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   Hello internet! I am Singroff, lead developer of Immersive Poetry and the creator of Thalasse Games. It's been quite a road so far, and it's only j...

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Monday Motivation

November 6, 2017

So a few days ago I've finally finished my first map for Immersive Poetry. Before that, I was mostly in the virtual back seat, giving ideas, suggesting reference pictures and sharing thoughts. In the meantime, I've been slowly working on something I can call my own, something I could later be proud of, if even a little. Why slowly? Well, mostly because I lacked self-confidence (I still do, but it's a little bit better now). 


When you're new in something, you tend to be very careful about what you do. What if you make a mistake? What if you make a mistake and fail to see it in time before somebody else notices? What if you make a mistake that you won't be able to fix? Often questions like these are overwhelming and at some point it's all you can think about. When you're constantly thinking of how to not make a mistake, even a tiny one can lead to massive frustration - and suddenly you don't even want to keep going anymore. This is what I've felt a few times while I was working on the new level, and I'm sure I'm not the only person to ever feel this way. 


Obviously, this is completely unacceptable if you want to make it work. Bashing yourself every time you make a minor mistake isn't very productive and quite frankly, it's not just hurting yourself, it's also hurting whoever you're working with, because they have to deal with the consequences. And the more people you're working with, the more you'll hurt if your emotions get in the way of your ability to work within a schedule and given conditions. 


When I had the time to think about this experience and analyze the reasons as to why I was so incredibly harsh on myself, I realized that it's all because I haven't seen enough screw-ups made by other people, those who've been working in the industry for way longer than myself. 


Honestly, how often do you hear programmers saying something like "oh, I misspelled something in the code and it completely messed up the project I'm working on", or a modeler saying "yeah, I had to remake this one several times before I got it just right", or anything like that? Not to a group of friends or in a private conversation, but publicly, for everyone to see? I know I haven't heard this enough to actually realize that all those amazing people I'm looking up to also make mistakes.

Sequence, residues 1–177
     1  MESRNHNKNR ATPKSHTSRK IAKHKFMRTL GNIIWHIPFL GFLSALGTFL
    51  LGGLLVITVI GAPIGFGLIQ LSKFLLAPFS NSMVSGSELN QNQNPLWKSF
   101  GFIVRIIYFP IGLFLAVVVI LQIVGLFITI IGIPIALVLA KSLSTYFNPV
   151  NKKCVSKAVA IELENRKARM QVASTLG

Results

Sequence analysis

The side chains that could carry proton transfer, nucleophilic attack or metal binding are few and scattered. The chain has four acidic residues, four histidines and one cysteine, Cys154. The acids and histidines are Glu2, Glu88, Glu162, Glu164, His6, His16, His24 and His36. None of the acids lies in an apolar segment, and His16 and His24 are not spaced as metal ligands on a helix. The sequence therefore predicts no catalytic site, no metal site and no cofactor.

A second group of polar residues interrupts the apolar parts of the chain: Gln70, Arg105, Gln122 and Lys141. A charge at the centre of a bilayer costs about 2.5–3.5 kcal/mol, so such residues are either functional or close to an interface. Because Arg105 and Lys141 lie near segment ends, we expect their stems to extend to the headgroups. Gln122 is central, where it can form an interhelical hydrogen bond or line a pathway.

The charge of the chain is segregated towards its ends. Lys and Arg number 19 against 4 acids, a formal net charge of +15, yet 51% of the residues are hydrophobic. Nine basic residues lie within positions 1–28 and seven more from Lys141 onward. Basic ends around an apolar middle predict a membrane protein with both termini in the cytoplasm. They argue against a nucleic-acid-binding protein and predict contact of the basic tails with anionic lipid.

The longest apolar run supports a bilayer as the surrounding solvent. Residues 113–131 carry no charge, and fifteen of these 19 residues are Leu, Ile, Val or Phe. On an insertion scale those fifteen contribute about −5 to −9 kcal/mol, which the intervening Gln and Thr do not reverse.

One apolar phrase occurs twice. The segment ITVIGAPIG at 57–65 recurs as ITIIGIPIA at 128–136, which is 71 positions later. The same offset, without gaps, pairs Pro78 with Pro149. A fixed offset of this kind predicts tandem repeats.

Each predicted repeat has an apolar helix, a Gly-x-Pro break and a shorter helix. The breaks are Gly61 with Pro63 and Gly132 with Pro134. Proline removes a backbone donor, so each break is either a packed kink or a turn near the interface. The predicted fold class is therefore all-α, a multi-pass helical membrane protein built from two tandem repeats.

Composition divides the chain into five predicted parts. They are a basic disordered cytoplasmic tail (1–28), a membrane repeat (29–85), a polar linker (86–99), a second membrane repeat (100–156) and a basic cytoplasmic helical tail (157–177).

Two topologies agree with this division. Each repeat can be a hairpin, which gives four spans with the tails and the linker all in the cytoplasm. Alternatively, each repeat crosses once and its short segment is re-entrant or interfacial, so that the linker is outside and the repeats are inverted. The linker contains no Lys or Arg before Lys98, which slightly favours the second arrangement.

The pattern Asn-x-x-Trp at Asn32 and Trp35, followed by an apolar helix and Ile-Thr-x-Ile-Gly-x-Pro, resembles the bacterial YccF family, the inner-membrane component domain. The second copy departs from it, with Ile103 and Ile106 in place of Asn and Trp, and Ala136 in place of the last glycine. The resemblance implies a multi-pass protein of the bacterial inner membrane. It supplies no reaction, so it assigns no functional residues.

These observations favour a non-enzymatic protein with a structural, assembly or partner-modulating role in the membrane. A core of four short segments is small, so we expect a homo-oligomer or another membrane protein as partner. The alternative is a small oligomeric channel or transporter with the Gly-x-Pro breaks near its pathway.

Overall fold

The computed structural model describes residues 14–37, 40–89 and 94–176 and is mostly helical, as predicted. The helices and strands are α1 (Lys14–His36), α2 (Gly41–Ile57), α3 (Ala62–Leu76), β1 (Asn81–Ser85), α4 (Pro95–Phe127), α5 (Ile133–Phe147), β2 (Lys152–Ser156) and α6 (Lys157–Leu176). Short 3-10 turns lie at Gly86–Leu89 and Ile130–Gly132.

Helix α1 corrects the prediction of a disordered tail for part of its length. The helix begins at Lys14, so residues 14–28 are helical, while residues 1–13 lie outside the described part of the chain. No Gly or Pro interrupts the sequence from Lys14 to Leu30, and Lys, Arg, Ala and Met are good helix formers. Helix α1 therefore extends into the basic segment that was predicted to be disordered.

Seriously, it may sound silly, but I thought that the only reason I'm making mistakes is because I lack the experience and I'm just not good enough. That's all true - I do lack the experience, I'm new to this, it's all a massive learning curve for me, and I am obviously not nearly as good as someone with years of work behind - how could I be, I'm only starting my journey. But the one thing I really needed to hear in times I was frustrated to literal tears was that anyone, with any level of experience, can screw up just as bad as I can. 


Hearing and reading about other people screwing things up made me realize I was being way too harsh on myself instead of taking advantage of my mistakes and learning from them. You know, just like any smart person would? Nothing could make me get back to work faster than realizing I'm not the only person having this problem and definitely not the last one. A very obvious and simple truth, yet so incredibly helpful. So helpful that I went from almost thinking I could quit to focusing my attention on what needs to be done and finishing what I've started. I still don't think much of myself and my skills, but at least I'm no longer berating myself for every tiny misstep. 


I guess what I'm trying to say here is that you shouldn't be ashamed to admit your mistakes. Anyone can screw up. A newbie who's only learning the basics and a professional with years of experience that anyone would be honored to look up to. Making mistakes is frustrating, discouraging and sad. So sad that sometimes hearing that someone else has done the same and it didn't stop the Earth from spinning is the one thing that can make you get back to work and finish what you've started. Saying "yeah, I screw up all the time, and so will you, and it's okay!" can be a virtual lifesaver for someone who just needs a little bit of motivation. To everyone who ever admitted they're not always perfect in what they do - thank you! 

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